SNP facing diplomatic crisis as Catalan independence vote looms

The SNP is facing a diplomatic crisis ahead of Catalonia's proposed independence referendum.

Saturday, 8th July 2017, 10:14 am
Updated Tuesday, 12th September 2017, 11:16 am
Nicola Sturgeon could be facing a 'diplomatic crisis'
Nicola Sturgeon could be facing a 'diplomatic crisis'

Supporters of the SNP and campainers have urged the party to formally endorse the vote, which is scheduled for this autumn despite being declared unconstitutional by Spain.

However, Nicola Sturgeon is coming under pressure surrounding the issue to avoid a fall out with Madrid and the Spanish Government, according to The Herald.

Spain has only recently dropped threats to block any independent Scottish membership of the European Union.

Sign up to our daily newsletter

The i newsletter cut through the noise

Barcelona residents attend a recent demonstration in support of a referendum in Catalonia. Picture: AP Photo/Emilio Morenatti

It appears that the SNP will be proceeding with caution over the vote, and should the vote take place on October 1, the party will be proepared to congratulate whoever is victorious.

An alliance of Catalan independence supporters secured power last year in parliamentary elections seen by many as a strong indicator for the vote.

Read More

Read More
Edinburgh SNP MSP lodges motion in support of independence

It is understood that Madrid and Barcelona are lobbying hard behind the scenes for diplomatic support, and the SNP could face a crisis if it was to endorse either side.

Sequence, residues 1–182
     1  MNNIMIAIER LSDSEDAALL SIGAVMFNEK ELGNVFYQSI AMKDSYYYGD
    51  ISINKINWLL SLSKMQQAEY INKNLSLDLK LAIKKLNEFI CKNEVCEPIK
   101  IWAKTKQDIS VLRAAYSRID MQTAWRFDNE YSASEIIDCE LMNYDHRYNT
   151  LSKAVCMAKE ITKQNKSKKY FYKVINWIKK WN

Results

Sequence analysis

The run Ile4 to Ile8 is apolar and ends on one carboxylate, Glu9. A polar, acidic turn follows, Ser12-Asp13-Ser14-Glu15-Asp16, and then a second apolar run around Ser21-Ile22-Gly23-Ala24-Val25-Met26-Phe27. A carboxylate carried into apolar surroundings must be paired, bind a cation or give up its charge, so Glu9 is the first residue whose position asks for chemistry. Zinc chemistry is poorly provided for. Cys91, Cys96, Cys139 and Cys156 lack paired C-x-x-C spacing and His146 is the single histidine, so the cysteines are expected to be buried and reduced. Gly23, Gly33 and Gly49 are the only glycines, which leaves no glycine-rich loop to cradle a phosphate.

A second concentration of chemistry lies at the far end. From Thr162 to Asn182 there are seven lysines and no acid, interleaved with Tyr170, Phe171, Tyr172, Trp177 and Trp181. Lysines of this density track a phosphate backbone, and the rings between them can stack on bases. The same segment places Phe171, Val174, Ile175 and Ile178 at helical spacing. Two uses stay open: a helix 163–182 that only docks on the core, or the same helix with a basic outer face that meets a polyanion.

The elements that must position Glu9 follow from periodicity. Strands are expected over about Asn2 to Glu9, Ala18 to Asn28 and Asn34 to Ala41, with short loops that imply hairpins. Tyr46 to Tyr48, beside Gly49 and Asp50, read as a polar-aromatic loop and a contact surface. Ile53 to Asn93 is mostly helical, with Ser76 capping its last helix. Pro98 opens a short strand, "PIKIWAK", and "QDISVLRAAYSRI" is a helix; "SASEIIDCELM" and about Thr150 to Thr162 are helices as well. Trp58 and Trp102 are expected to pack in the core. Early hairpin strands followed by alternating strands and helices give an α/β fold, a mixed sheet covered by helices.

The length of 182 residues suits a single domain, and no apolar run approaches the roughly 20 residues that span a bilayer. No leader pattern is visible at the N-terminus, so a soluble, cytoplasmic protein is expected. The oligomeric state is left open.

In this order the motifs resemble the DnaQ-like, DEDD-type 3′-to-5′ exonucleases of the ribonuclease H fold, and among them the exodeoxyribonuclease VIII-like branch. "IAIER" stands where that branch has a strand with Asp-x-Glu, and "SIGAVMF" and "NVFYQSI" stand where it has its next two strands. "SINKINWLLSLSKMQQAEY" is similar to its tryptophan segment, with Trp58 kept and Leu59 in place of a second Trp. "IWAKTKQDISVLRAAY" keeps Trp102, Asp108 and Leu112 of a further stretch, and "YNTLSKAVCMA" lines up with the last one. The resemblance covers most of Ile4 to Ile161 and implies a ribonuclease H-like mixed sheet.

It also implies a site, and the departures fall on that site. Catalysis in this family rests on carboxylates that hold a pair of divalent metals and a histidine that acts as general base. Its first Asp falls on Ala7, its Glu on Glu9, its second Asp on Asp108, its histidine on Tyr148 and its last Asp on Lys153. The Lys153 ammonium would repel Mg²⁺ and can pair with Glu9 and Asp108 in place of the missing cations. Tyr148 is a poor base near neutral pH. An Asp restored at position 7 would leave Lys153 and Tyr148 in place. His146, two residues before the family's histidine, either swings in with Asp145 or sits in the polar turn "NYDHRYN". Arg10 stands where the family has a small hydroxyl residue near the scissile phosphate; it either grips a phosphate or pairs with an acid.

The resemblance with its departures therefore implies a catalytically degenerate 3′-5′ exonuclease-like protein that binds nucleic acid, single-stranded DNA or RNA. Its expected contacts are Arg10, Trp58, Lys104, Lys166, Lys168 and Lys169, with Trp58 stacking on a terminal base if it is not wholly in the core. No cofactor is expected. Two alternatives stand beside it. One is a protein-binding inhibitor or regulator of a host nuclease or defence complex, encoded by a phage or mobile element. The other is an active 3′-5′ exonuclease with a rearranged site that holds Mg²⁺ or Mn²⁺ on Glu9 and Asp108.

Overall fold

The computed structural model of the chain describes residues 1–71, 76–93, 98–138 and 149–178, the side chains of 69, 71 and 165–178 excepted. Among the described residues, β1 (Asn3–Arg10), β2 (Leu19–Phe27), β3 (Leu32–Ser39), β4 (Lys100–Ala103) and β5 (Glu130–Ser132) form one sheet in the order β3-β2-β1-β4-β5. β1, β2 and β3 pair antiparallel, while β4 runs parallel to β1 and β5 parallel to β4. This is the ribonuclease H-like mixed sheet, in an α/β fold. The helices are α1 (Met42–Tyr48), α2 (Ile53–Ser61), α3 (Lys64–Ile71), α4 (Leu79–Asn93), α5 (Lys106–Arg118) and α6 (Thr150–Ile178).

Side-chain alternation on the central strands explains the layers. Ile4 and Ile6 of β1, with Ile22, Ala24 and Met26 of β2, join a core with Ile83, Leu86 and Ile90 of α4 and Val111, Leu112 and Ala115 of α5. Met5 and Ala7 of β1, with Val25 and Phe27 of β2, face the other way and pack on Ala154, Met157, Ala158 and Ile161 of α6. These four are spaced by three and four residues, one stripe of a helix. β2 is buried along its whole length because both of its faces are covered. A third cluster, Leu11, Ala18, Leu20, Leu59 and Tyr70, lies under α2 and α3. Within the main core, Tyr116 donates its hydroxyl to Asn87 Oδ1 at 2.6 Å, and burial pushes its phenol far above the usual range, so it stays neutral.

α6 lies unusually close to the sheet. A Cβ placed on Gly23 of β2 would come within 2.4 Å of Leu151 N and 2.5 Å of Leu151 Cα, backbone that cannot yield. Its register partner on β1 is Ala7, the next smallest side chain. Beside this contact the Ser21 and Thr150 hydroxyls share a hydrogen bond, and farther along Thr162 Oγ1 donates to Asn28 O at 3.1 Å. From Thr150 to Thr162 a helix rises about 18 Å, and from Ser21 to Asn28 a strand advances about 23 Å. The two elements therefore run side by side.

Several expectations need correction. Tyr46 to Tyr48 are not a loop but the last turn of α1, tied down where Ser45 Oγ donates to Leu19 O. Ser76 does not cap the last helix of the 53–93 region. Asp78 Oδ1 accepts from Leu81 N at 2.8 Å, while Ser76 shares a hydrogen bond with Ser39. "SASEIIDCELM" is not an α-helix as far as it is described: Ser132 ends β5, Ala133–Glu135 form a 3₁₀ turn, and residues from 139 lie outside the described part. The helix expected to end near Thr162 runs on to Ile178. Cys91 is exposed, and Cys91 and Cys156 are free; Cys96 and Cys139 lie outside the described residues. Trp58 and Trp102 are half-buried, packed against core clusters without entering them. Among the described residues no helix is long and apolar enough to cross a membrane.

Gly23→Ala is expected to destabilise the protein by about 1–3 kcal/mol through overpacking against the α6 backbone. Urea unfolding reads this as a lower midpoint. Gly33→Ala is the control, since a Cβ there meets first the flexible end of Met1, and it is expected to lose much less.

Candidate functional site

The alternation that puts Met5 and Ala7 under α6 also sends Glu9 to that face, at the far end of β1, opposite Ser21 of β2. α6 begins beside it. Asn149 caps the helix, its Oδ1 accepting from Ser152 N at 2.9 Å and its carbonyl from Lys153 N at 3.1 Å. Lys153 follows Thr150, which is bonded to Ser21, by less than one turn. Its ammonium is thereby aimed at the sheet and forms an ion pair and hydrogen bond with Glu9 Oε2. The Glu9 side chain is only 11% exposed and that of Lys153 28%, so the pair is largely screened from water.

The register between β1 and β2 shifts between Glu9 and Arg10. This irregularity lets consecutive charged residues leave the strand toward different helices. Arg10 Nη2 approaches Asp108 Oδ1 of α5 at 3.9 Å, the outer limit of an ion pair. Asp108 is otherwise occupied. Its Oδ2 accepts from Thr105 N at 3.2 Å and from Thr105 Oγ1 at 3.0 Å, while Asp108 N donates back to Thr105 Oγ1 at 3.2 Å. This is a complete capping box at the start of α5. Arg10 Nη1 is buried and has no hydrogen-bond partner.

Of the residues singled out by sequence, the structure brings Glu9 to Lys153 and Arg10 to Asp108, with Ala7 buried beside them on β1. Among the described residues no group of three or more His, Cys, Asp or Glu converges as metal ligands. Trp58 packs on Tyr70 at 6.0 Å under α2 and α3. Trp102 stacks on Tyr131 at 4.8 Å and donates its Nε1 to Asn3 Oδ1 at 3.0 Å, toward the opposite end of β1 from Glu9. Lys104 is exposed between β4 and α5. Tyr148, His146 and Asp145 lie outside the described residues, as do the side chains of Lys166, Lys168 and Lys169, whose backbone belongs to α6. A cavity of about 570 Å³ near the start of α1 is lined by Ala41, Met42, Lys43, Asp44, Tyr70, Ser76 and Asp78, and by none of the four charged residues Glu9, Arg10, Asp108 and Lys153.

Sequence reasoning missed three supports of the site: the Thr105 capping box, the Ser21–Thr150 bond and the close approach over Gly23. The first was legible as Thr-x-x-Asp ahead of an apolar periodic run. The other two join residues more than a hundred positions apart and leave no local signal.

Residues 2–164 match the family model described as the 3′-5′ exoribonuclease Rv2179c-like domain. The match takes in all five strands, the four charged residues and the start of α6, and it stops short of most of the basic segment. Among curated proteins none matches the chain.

Barcelona residents attend a recent demonstration in support of a referendum in Catalonia. Picture: AP Photo/Emilio Morenatti

Prof Keating, of Aberdeen University, said: “I would expect the Scottish Government to be very cautious. The SNP does not want to provoke Spain.”

When asked by The Herald if the SNP would recognise a win for Catalan independence supporters, a spokesman said that they would “congratulate” their allies before adding “these are matters for the people and the governments of Catalonia and Spain. The constitutional arrangements in Scotland and the UK are clearly different, as has been widely acknowledged. “

José Manuel García-Margallo, Spain’s foreign minister until last year, stated that if there was an independence vote, Catalonia risked becoming like one of the largely unrecognised statessaying “Without recognition [Catalonia] runs the risk of falling in to legal limbo.”